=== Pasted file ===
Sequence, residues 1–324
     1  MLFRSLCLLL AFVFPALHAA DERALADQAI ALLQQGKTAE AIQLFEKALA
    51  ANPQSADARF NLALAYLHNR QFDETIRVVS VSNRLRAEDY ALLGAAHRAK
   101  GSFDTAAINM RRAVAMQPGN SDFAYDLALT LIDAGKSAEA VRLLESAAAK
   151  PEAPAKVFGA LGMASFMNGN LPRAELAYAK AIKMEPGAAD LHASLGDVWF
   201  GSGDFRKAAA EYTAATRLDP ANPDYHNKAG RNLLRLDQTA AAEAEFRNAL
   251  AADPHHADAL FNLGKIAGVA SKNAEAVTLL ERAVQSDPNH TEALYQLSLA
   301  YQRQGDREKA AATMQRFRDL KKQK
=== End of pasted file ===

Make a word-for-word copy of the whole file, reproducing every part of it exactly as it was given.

Sequence, residues 1–324
     1  MLFRSLCLLL AFVFPALHAA DERALADQAI ALLQQGKTAE AIQLFEKALA
    51  ANPQSADARF NLALAYLHNR QFDETIRVVS VSNRLRAEDY ALLGAAHRAK
   101  GSFDTAAINM RRAVAMQPGN SDFAYDLALT LIDAGKSAEA VRLLESAAAK
   151  PEAPAKVFGA LGMASFMNGN LPRAELAYAK AIKMEPGAAD LHASLGDVWF
   201  GSGDFRKAAA EYTAATRLDP ANPDYHNKAG RNLLRLDQTA AAEAEFRNAL
   251  AADPHHADAL FNLGKIAGVA SKNAEAVTLL ERAVQSDPNH TEALYQLSLA
   301  YQRQGDREKA AATMQRFRDL KKQK